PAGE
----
Transactivation of the epidermal growth factor receptor by cag+ Helicobacter pylori induces upregulation of the early growth response gene Egr-1 in gastric epithelial cells
- 1Division of Gastroenterology, Beth Israel Deaconess Medical Center, Harvard Medical School, Boston, MA, USA
- 2Division of Gastroenterology, Vanderbilt University Medical Center, Nashville, TN, USA
- Correspondence to:
Dr S Keates
Division of Gastroenterology, Dana 601, Beth Israel Deaconess Medical Center, 330 Brookline Ave, Boston, MA 02215, USA;
- Accepted 28 April 2005
- Revised 11 April 2005
- Published Online First 29 April 2005
Background and aims:Helicobacter pylori, in particular cytotoxin associated gene (cag)+ strains, have been shown to enhance gastric epithelial cell proliferation in vivo, an effect that likely contributes to gastric carcinogenesis. Early growth response gene 1 (Egr-1) is a crucial regulator of cell growth, differentiation, and survival, which is known to play a role in carcinogenesis and cancer progression. The aims of this study were to: (1) examine whether H pylori could upregulate Egr-1 in gastric epithelial cell lines; (2) determine whether there was a differential response to infection with different strains; (3) examine the role of the cag pathogenicity island in this process; and (4) elucidate the molecular mechanisms leading to Egr-1 upregulation.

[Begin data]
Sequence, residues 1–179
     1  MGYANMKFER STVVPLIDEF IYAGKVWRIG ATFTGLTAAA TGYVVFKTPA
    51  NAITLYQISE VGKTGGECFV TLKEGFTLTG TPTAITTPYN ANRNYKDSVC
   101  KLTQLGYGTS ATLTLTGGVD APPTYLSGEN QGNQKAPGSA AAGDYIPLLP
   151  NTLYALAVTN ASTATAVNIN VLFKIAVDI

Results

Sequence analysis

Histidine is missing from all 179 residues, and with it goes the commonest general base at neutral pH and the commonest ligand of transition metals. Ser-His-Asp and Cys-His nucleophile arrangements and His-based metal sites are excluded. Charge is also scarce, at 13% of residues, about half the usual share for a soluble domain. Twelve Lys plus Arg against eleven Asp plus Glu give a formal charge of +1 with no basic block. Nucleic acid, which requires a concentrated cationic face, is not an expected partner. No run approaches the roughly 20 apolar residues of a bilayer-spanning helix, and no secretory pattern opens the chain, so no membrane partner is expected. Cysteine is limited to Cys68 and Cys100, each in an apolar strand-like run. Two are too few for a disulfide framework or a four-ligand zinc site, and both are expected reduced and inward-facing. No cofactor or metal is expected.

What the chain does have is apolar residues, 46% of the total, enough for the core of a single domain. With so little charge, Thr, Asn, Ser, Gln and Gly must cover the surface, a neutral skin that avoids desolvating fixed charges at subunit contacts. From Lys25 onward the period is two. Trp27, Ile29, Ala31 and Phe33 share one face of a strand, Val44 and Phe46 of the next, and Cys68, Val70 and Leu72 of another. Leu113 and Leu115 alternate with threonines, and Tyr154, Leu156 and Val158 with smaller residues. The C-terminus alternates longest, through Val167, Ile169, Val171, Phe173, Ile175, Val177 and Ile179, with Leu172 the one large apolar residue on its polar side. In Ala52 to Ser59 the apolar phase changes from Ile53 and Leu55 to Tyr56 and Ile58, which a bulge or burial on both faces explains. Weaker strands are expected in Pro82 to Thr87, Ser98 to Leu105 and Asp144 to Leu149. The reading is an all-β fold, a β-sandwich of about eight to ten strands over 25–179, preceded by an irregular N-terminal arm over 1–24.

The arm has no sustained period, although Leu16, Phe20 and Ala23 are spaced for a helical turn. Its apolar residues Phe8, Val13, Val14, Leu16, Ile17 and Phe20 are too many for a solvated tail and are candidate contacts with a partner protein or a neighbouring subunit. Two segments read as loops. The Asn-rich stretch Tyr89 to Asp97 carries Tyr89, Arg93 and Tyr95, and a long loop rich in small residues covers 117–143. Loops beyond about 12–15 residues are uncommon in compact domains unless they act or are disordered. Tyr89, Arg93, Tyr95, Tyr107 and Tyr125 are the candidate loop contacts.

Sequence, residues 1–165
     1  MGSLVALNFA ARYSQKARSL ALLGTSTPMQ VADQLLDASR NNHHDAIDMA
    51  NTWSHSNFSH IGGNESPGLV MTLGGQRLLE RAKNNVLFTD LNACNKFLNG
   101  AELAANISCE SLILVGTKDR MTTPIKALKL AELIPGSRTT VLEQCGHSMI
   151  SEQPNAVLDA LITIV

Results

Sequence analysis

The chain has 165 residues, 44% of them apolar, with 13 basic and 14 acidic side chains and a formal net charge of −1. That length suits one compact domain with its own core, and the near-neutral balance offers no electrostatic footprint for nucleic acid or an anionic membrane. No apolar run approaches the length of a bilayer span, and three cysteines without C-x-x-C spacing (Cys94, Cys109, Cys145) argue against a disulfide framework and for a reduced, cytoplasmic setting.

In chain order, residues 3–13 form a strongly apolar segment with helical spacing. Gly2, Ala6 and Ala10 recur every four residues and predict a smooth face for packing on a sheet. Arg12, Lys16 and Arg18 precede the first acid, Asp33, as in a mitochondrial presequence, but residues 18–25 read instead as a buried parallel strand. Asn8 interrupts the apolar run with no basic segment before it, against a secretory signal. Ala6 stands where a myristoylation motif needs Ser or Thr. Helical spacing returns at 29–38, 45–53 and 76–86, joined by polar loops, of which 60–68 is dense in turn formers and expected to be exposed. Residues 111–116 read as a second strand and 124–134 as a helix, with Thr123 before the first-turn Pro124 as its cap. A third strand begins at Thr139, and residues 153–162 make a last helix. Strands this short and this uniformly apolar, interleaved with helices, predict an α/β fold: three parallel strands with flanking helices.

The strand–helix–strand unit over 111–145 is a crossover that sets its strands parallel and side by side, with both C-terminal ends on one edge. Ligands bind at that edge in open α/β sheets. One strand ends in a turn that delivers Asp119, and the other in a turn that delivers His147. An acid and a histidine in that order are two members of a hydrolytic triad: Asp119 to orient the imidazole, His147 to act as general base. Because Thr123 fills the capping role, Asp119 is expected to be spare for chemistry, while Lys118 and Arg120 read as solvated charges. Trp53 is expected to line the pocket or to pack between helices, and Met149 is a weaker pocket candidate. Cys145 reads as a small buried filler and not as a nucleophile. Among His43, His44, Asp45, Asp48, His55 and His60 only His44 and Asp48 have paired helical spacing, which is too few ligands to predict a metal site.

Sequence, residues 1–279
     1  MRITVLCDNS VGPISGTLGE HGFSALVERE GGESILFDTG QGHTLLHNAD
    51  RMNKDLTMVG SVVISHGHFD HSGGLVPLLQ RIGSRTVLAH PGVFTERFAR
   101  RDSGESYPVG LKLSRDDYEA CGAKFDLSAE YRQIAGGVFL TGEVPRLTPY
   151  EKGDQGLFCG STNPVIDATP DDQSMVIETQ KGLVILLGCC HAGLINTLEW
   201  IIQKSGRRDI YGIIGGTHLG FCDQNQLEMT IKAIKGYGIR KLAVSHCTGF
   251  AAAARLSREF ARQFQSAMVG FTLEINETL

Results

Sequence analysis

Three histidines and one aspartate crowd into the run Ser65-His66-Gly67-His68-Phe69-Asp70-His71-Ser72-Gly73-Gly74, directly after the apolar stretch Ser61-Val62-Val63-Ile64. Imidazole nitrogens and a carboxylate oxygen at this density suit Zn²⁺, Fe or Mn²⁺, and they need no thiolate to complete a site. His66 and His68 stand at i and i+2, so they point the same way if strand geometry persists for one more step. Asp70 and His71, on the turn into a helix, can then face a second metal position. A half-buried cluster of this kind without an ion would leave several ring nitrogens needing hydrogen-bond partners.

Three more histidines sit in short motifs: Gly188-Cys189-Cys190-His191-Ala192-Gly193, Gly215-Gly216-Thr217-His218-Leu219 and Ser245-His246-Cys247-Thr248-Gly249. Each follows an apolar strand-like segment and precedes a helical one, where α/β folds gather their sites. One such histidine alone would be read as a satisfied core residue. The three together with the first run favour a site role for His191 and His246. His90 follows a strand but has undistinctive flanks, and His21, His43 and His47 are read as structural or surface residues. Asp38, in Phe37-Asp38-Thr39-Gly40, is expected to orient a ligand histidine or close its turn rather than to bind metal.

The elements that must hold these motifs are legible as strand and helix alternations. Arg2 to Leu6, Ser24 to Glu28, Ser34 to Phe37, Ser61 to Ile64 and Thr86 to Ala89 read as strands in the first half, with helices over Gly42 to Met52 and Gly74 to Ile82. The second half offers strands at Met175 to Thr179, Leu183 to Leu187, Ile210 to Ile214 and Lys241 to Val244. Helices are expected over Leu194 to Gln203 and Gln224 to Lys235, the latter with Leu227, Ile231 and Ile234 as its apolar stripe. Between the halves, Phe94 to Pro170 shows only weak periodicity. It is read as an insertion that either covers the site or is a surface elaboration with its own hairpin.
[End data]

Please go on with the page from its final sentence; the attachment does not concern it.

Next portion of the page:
Methods and results: We found that infection of AGS cells with cag+H pylori resulted in a rapid (1–2 hours) but transient increase in Egr-1 mRNA and protein levels whereas coculture with cag− isolates did not elicit this response. Furthermore, two independent cagE− isogenic mutants of H pylori also demonstrated impaired ability to upregulate Egr-1. Upregulation of Egr-1 protein was inhibited by the extracellular regulated kinase (ERK)1/2 inhibitor PD98059 and overexpression of dominant negative MEK1 downregulated Egr-1 luciferase reporter gene activity. Treatment of AGS cells with the epidermal growth factor receptor (EGFR) kinase inhibitors PD153035 and AG1478 resulted in a reduction in H pylori mediated Egr-1 upregulation, demonstrating that EGFR transactivation plays a role in this early cellular process.
Conclusions: Our findings show that cag+H pylori cause rapid induction of Egr-1 in gastric epithelial cells which may contribute to H pylori mediated pathogenesis.
- Egr-1, early growth response gene 1
- EGFR, epidermal growth factor receptor
- ERK, extracellular regulated kinases
- MAP kinases, mitogen activated protein kinases
- PAI, pathogenicity island
- cag, cytotoxin associated genes
- PMA, phorbol-12-myristate-13-acetate
- MOI, multiplicity of infection
- GAPDH, glyceraldehyde-3-phosphate dehydrogenase
- PCR, polymerase chain reaction
- EMSA, electrophoretic mobility shift assay
- JNK, c-Jun N-terminal kinase
Conflict of interest: None declared.
Published online first 29 April 2005